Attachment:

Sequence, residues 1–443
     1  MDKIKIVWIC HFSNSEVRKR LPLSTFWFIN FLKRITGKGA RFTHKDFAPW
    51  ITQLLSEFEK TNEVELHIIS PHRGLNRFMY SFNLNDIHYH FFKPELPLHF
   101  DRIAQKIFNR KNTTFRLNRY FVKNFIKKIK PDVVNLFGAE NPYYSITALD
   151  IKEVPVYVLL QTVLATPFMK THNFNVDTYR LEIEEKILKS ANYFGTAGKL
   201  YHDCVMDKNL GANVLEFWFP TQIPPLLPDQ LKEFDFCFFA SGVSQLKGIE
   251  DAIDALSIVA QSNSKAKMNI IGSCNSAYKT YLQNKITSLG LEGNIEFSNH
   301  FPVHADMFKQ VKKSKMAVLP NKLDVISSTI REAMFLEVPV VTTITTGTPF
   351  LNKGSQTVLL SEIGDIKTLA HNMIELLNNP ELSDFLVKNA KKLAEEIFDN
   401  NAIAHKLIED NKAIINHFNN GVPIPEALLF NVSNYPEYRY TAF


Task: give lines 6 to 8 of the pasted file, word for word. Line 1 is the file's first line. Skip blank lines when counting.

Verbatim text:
   201  YHDCVMDKNL GANVLEFWFP TQIPPLLPDQ LKEFDFCFFA SGVSQLKGIE
   251  DAIDALSIVA QSNSKAKMNI IGSCNSAYKT YLQNKITSLG LEGNIEFSNH
   301  FPVHADMFKQ VKKSKMAVLP NKLDVISSTI REAMFLEVPV VTTITTGTPF